In the not-too-distant future, it will be possible to fly anywhere over the planet in an Automatic Dependent Surveillance-Broadcast environment affording benefits equally to flight crews, operators and air traffic controllers.
As Wynand Meyer, director of UAS International Trip Support’s Africa division in Johannesburg puts it, “Africa is the next big development,” as it’s the last continent still fresh for modernization of its infrastructure — mainstream as well as aviation.
Former Naval aviator John Koon spent his last tour on active duty assigned to the U.S. Embassy in Accra, Ghana, where he flew the American ambassador throughout West and Central Africa in a Beech C12 (King Air 200) where he had plenty of opportunities to assess the quality of ATC and competence of controllers.
Everyone has their Customs clearance story, which often involves allegedly being hassled or otherwise inconvenienced by Customs and Border Protection agents on a rainy night after a 10-hour international flight.
Like it or not, Canada and the U.S. are joined at the hip. Each is the other’s largest trading partner ($500 billion+ total), and our financial, electrical and transportation infrastructure are fully integrated.
You knew it was coming — oh, yes, you did — the impending deadline to purchase and install Automatic Dependent Surveillance–Broadcast avionics in your aircraft to retain access to U.S. controlled airspace after Jan. 1, 2020. The same cutoff applies to ADS-C, or “Contract,” equipage, necessary for operation in oceanic airspace and requiring flight crew training and, unlike ADS-B, an FAA Letter of Authorization, as well. Five years may seem like a lot of time …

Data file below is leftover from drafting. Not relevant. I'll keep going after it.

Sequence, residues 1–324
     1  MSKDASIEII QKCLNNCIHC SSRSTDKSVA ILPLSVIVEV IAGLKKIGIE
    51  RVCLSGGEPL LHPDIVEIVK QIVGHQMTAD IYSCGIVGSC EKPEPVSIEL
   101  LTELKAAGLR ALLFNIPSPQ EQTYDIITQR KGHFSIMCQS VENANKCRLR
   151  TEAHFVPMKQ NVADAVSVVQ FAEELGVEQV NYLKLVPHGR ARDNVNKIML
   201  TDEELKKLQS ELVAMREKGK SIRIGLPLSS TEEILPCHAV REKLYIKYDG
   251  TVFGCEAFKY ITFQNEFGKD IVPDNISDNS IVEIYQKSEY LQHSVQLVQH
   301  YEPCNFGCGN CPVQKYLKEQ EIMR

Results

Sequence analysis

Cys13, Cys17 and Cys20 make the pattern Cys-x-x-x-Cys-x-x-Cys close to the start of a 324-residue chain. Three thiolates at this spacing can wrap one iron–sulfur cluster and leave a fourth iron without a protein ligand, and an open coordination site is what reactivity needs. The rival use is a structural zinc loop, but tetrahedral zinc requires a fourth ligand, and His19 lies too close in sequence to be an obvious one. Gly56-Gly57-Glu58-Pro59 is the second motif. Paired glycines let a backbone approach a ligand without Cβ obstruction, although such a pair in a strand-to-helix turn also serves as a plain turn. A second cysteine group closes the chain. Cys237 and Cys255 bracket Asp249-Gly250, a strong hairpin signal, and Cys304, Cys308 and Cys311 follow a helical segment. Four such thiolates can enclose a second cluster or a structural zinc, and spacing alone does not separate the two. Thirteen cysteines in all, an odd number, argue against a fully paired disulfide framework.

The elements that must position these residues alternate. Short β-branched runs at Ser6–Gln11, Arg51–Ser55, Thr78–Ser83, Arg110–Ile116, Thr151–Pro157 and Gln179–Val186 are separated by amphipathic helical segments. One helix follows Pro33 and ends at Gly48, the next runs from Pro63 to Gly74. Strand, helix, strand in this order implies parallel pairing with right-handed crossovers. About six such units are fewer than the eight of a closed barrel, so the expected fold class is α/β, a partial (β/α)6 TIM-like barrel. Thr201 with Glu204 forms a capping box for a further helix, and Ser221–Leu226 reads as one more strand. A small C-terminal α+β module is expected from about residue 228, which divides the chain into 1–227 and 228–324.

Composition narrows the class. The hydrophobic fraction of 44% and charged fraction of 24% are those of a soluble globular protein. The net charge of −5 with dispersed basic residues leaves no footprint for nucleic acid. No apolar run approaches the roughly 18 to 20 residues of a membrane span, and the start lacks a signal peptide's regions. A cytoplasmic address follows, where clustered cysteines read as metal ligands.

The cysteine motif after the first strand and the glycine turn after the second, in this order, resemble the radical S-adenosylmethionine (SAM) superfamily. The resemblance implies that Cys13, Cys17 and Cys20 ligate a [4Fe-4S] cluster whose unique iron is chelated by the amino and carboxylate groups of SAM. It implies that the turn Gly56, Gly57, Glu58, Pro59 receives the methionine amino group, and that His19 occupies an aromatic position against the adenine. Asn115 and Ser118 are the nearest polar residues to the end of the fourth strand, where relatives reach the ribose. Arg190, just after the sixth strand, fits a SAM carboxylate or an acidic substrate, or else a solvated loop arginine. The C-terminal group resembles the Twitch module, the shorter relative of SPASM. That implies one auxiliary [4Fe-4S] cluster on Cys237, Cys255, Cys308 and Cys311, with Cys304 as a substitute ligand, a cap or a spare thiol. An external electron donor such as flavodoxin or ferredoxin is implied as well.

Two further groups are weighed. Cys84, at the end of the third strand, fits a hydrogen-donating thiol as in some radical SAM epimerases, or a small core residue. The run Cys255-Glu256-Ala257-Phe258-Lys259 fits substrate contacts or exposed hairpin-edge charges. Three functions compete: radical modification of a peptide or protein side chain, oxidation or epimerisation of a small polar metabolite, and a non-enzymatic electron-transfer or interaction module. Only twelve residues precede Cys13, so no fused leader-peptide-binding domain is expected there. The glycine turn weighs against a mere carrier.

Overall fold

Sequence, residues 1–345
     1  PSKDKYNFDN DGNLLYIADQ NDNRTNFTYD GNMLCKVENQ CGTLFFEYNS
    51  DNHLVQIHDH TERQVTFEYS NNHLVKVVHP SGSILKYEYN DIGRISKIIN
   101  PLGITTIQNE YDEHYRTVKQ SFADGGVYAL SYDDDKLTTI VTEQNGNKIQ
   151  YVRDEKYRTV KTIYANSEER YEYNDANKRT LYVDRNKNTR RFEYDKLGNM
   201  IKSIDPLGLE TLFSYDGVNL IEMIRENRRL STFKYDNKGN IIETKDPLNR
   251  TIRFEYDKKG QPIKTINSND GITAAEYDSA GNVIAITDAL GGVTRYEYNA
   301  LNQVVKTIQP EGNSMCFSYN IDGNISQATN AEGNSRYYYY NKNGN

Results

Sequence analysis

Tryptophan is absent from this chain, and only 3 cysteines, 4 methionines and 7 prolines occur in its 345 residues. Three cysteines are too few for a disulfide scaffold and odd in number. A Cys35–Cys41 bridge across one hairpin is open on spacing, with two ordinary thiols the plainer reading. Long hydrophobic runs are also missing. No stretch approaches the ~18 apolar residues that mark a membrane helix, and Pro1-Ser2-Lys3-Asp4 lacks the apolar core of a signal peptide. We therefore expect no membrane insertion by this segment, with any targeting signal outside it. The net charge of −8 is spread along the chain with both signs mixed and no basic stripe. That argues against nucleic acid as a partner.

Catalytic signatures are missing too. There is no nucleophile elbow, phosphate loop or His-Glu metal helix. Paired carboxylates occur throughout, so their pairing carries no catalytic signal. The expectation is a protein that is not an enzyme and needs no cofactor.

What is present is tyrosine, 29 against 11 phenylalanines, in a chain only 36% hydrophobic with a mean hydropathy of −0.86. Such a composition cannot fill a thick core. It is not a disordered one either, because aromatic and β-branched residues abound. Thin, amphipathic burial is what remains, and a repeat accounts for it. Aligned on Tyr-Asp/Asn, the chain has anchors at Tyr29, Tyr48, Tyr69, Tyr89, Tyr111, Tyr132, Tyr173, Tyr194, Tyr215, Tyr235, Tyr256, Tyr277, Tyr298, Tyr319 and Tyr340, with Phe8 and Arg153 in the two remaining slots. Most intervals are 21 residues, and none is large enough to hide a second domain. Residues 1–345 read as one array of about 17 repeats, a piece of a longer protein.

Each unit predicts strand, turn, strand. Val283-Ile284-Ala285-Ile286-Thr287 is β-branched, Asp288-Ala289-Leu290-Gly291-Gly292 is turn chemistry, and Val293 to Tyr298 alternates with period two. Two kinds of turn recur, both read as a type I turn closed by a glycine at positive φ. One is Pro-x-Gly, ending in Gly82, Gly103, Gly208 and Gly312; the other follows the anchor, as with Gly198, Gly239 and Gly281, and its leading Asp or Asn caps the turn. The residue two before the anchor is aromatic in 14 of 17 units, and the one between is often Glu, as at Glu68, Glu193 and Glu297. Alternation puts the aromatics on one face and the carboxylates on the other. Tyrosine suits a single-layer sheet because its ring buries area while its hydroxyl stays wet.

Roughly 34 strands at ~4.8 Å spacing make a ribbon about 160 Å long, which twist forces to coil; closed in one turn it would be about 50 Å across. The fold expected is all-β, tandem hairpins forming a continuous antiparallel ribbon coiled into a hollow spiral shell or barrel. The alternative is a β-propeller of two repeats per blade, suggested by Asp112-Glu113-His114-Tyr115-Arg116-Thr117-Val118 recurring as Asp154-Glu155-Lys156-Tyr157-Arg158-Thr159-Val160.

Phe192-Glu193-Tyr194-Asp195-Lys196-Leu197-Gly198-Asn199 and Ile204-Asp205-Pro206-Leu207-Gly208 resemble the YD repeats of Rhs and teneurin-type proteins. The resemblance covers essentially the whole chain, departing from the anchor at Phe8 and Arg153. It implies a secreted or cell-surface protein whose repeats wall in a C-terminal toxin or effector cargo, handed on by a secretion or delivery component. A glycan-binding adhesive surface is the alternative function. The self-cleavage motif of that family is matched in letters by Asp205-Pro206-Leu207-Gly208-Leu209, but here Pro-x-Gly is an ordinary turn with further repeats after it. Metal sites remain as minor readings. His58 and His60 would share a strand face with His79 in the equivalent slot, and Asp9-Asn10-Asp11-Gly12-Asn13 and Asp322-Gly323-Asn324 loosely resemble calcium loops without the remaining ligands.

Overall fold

It’s been over 33 years since the late Hubert Naimer, Chuck Edmondson and Karl Frudenfeld unveiled the UNS-1, the first FMS for business aircraft. Although it focused primarily on the after-market, over the years, their Universal Avionics led by President and Chairman Joachim (Ted) L.
Two California charter/management companies with certified repair stations have earned STCs for installations of ADS-B and C equipment aboard legacy Gulfstream models. KaiserAir in Oakland and Clay Lacy Aviation in Van Nuys were awarded the authorizations in March, each based on using Universal Avionics equipment.
The real challenge to modernizing the ATC system in the U.S. isn’t the ADS-B infrastructure but the equipage of the system users, General Aviation Manufacturers Association (GAMA) Chairman and Hartzell Propeller President Joe Brown said at the GAMA State of the Industry presentation earlier this year.